One of the most interesting exhibits was the extensive remains of a dugout canoe recovered from mud in Poole Harbour and dating back to approximately 300BC. It had been carved from a single oak log approx. 10 m long, and is the largest found in the South of England. As may be expected in a sea port museum, there were rare artefacts from a number of wrecks found in the harbour and along the coast. These combined with evidence of the Roman occupation; including a very rare cast glass head made this a museum well worth visiting.
Submitted by Rosemary Crumplin: Click on the pictures to enlarge them
AHA Group broke with the normal practice of only having one visit per month and eleven members ventured out for the second time on Thursday 28th February. Once again, we returned to Greenham Common, but this time to visit the National Needlework Archives.
The NNA is a registered charity and relies on volunteers. We were greeted by a cheerful group of ladies and coffee/tea plus cake was quickly prepared for us all. We then began a general tour of the archives admiring some of the handicrafts made by the volunteers to sell to raise funds for their restoration work. Our highlight of the visit was to view ‘The Country Wife’ textile mural, which was designed by Constance Howard and made by her and her students of Goldsmiths College. Much of the craft-work features were made by the Women’s Institutes.
The museum display was small but informative. First learning the history of the site, and back in the day of William of Orange the battle of Newbury took place there. Coming forward to more recent times, the Army was based there from 1939 building the airfield in preparation of the USAF to arrive in 1944 alongside the RAF. During our life time, Greenham Common became a household name, which we came to know, due to the American Air Force being based there along with the Nuclear War Heads. This evoked an all female political demonstration known as “The Role of Protest in Society” against nuclear weapons being based there. These ladies camped out and caused quite a stir for years.
They have a thriving café. We learnt that the actual common is a heaven for wildlife and is now recognised for its nature walks. As we had some spare time, part of our group took a short walk and said that they would be revisiting.
After spending millions and years of dedicated work in restoring the house to its former glory and in addition acquiring as much of the original furniture as was possible, it was bequeathed to the NT. The well-proportioned building exterior is in the Palladian style; most of us particularly enjoyed the classical style interior. Many of the elegant plaster reliefs integrated into the room’s décor were stunning, particularly when combined with some quite breath-taking ceilings. However, for the ladies in the group the icing on the cake was to see the rooms so beautifully decorated for Christmas as it would have been in former times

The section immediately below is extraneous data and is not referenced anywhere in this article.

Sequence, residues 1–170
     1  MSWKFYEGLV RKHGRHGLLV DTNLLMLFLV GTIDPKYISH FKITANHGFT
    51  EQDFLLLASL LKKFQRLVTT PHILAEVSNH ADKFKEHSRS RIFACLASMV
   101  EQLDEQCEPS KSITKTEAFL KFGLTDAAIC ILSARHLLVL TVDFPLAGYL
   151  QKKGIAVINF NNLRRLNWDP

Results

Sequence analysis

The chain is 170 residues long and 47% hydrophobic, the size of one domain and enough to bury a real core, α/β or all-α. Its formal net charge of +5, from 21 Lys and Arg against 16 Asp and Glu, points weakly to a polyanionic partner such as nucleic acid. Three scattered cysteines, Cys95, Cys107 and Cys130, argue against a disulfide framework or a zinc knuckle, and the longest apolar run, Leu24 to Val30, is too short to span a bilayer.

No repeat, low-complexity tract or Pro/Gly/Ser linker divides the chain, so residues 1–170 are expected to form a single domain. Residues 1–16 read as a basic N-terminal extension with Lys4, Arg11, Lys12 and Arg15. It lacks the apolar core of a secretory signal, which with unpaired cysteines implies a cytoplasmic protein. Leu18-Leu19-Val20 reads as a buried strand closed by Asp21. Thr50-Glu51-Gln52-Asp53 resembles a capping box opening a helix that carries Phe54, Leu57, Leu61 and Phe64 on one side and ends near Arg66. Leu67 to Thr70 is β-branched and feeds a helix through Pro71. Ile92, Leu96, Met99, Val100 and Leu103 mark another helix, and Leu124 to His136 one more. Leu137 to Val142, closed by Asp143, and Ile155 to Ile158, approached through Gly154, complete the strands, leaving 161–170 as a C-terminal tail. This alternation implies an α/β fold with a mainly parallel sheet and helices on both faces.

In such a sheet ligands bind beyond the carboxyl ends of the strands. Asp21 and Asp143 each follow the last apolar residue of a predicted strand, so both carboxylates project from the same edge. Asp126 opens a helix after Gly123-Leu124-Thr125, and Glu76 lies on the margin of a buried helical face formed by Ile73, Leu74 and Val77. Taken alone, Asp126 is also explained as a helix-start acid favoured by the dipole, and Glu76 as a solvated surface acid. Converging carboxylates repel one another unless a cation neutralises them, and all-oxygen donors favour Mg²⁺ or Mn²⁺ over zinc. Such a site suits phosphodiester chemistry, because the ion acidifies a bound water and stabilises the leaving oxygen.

Click on any picture to zoom
or members who still had some energy left then made their way to the church of St John the Baptist, the parish church of Cirencester (where we were offered and enjoyed the mince pies;
first of the season). It is one of the largest parish churches in England and has been a place of worship for over a thousand years. The oldest part of the church is The Chancel, which was started around 1115. The church is renowned for its perpendicular porch and fan vaults; it also has several merchant tombs.
On returning to our cars, we made a short detour via the oldest part of the town, appreciating its architecture and narrow streets.
Prepared by: Bob Taylor & Rosemary Crumplin
They have a purpose built building housing a fine display of mosaic flooring, showing living and bathing areas. The discoveries depend on funding and we were lucky enough to see a newly unearthed mosaic, which was going to be recovered with soil within 30 minutes of our arrival. The ultimate aim would be to create another purpose built building to enable them to have a permanent display. An archaeologist explained to us that it is firmly believed that the villa has unique features and a mystery remains regarding its location as it is set between two major Roman roads.
This museum offered good refreshments, where afternoon tea was enjoyed before returning home in the glorious sunshine.
Please note that our planned trip for August 24th will be a tour of Stratfield Saye.
Anton U3A Group News
Reports and records of Groups' activities.